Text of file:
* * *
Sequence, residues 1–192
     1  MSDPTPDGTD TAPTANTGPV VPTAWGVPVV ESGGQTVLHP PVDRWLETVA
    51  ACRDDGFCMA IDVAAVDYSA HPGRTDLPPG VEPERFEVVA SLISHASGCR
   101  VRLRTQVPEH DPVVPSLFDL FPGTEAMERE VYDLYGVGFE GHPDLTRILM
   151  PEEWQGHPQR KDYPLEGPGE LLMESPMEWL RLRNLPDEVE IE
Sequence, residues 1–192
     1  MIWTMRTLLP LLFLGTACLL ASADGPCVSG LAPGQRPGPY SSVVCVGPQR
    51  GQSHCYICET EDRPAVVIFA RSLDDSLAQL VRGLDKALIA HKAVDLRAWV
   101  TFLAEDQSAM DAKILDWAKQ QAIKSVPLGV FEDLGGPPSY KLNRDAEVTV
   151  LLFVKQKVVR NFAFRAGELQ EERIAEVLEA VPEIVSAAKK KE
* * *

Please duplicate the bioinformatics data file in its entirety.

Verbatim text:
Sequence, residues 1–192
     1  MSDPTPDGTD TAPTANTGPV VPTAWGVPVV ESGGQTVLHP PVDRWLETVA
    51  ACRDDGFCMA IDVAAVDYSA HPGRTDLPPG VEPERFEVVA SLISHASGCR
   101  VRLRTQVPEH DPVVPSLFDL FPGTEAMERE VYDLYGVGFE GHPDLTRILM
   151  PEEWQGHPQR KDYPLEGPGE LLMESPMEWL RLRNLPDEVE IE
Sequence, residues 1–192
     1  MIWTMRTLLP LLFLGTACLL ASADGPCVSG LAPGQRPGPY SSVVCVGPQR
    51  GQSHCYICET EDRPAVVIFA RSLDDSLAQL VRGLDKALIA HKAVDLRAWV
   101  TFLAEDQSAM DAKILDWAKQ QAIKSVPLGV FEDLGGPPSY KLNRDAEVTV
   151  LLFVKQKVVR NFAFRAGELQ EERIAEVLEA VPEIVSAAKK KE